Brexit and jurisdictional law
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How will Brexit impact the jurisdiction of the English court?
For over 40 years the English legal profession has operated within an integrated European legal system, complete with a raft of cross-border legislation and resulting case law overseen by the Court of Justice of the European Union (CJEU). The United Kingdom's decision to leave the European Union on 23 June 2016 has therefore brought with it a great deal of uncertainty for English lawyers, not least in the area of dispute resolution.
Theresa May has now confirmed that Article 50 of the Lisbon Treaty (which provides for a two-year negotiation period for the terms of the United Kingdom's exit from the European Union) will be triggered by the end of March 2017. Until Brexit, EU law will continue to bind the United Kingdom and the United Kingdom will retain access to the single market. However, uncertainty currently surrounds the integration of EU law and the four fundamental freedoms (of goods, services, persons and capital) in a post-Brexit United Kingdom.
In the absence of certainty, businesses may seek to relocate operations outside of the United Kingdom so as to retain access to the single market. Currency fluctuations may also continue (sterling remains under significant pressure following the Article 50 announcement).
Consequently, businesses have begun to conduct wholesale reviews of their commercial contracts. Going forward, we may see businesses seek to novate contracts between international affiliates, renegotiate key contractual terms or even terminate (or at least suspend performance of) their contracts. An increase in commercial disputes between contracting parties is therefore probable.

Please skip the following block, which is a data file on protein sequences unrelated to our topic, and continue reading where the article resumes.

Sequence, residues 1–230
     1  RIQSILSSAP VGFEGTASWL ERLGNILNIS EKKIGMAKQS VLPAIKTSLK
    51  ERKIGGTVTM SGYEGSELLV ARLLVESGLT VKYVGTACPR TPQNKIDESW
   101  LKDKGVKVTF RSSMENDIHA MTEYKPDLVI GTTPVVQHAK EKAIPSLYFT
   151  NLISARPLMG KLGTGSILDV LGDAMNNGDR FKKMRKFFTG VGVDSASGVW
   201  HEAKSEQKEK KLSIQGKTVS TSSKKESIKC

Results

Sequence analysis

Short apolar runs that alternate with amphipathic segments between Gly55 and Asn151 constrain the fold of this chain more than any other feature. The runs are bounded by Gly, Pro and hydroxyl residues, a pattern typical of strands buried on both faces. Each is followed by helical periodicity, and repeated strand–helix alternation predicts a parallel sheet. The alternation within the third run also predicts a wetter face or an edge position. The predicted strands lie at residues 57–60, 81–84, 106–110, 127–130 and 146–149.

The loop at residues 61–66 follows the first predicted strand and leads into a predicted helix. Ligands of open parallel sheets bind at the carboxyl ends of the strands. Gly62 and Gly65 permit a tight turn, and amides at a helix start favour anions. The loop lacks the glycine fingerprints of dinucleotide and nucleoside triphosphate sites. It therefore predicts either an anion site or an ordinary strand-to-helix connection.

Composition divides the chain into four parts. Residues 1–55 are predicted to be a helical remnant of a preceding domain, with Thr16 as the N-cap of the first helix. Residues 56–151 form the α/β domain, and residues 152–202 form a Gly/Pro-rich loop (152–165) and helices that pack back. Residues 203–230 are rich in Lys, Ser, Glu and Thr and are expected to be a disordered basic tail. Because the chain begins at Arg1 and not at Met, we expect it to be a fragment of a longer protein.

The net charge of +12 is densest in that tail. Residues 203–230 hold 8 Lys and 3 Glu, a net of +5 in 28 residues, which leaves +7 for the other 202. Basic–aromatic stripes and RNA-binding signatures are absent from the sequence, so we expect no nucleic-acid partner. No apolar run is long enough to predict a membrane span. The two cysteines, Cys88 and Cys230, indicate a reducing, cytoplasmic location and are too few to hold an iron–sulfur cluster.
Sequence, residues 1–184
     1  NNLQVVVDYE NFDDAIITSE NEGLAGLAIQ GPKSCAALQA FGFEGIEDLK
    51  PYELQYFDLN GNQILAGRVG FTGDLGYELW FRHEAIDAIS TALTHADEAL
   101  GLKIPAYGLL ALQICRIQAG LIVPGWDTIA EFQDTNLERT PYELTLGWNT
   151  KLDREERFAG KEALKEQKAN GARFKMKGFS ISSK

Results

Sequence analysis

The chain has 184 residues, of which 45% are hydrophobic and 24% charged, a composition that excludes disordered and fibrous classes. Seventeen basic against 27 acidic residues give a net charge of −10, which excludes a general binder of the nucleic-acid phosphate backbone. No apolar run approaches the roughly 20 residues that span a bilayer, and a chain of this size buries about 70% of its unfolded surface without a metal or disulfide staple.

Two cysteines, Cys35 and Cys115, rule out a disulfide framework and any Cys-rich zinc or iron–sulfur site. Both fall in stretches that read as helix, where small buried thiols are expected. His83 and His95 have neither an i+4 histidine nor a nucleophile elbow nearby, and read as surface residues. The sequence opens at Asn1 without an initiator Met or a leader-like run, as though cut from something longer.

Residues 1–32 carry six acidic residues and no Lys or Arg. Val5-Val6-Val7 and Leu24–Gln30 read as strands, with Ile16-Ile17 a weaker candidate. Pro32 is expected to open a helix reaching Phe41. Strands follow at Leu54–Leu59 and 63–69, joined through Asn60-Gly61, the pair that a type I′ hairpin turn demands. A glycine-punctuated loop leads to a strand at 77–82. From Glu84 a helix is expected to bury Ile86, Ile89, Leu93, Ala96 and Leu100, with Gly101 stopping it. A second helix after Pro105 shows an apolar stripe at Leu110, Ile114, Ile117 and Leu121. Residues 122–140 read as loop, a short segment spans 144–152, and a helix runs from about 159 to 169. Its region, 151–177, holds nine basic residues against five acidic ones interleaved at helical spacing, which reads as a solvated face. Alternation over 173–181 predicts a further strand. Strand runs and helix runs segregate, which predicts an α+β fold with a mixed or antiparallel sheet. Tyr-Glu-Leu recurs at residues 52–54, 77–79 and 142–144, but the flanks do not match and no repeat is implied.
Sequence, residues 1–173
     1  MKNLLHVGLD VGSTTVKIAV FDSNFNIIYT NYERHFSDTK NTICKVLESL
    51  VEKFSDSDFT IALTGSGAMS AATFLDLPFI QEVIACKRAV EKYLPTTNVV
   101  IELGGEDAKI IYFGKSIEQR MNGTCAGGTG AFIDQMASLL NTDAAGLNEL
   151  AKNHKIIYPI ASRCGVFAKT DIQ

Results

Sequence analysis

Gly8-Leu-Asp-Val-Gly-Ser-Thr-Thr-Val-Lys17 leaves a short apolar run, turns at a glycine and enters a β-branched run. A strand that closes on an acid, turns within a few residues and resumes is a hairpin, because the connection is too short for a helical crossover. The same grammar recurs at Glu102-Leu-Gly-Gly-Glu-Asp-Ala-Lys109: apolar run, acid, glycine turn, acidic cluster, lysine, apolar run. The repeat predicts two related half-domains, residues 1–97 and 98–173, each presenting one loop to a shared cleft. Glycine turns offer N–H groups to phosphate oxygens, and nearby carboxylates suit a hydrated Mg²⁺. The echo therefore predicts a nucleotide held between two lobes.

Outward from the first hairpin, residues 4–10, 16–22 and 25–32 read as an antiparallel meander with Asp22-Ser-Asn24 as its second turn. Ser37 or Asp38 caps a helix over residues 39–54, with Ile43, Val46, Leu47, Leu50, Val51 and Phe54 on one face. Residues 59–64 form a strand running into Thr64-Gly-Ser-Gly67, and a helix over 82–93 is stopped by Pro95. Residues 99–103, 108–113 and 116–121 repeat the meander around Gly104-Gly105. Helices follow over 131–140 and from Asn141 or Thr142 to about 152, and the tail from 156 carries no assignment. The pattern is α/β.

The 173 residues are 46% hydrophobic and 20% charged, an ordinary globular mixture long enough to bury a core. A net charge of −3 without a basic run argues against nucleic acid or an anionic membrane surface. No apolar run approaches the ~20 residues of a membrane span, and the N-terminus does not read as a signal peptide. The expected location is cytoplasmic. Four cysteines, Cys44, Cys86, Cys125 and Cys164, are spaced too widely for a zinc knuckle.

Many contracting parties habitually nominate England as the forum to hear any commercial disputes between them. England's judiciary has, over time, developed a strong reputation for commercial awareness and the system as a whole is known for its efficiency and transparency. Nevertheless, there have been concerns over whether contracting parties will continue to submit their disputes to the English court post-Brexit if the United Kingdom falls away from the existing European regime governing jurisdiction.
This article considers the current jurisdictional landscape in the United Kingdom, the United Kingdom's options post-Brexit and whether there is any substance to the concerns of contracting parties regarding the continued use of English jurisdiction agreements. While issues of governing law and judgment enforcement are also currently under scrutiny, the focus of this article is purely on jurisdiction.
Types of jurisdiction agreement
There are a range of options for jurisdiction agreements in commercial contracts. Sometimes the parties will include an exclusive jurisdiction agreement to ensure that any dispute arising under their contract will be determined in a specific jurisdiction. Some contracts incorporate one-way jurisdiction agreements (ie, permitting one party to sue in any specified or competent jurisdiction and the other to sue in one jurisdiction only) or non-exclusive jurisdiction agreements for flexibility.
The European regime
The key instrument of the European regime concerning jurisdiction (and the recognition and enforcement of judgments) in civil and commercial matters is Regulation EC 1215/2012 (Brussels Regulation Recast). The regulation applies to all member states.
The Lugano Convention 2007 extends to the European Free Trade Association (EFTA) states of Iceland, Norway and Switzerland (in addition to member states). Again, this instrument covers jurisdiction (and the recognition and enforcement of judgments) in civil and commercial matters and is based on the original Brussels regime (Regulation EC 44/2001, prior to the Recast). It is similar, but not identical, to the Brussels Regulation Recast.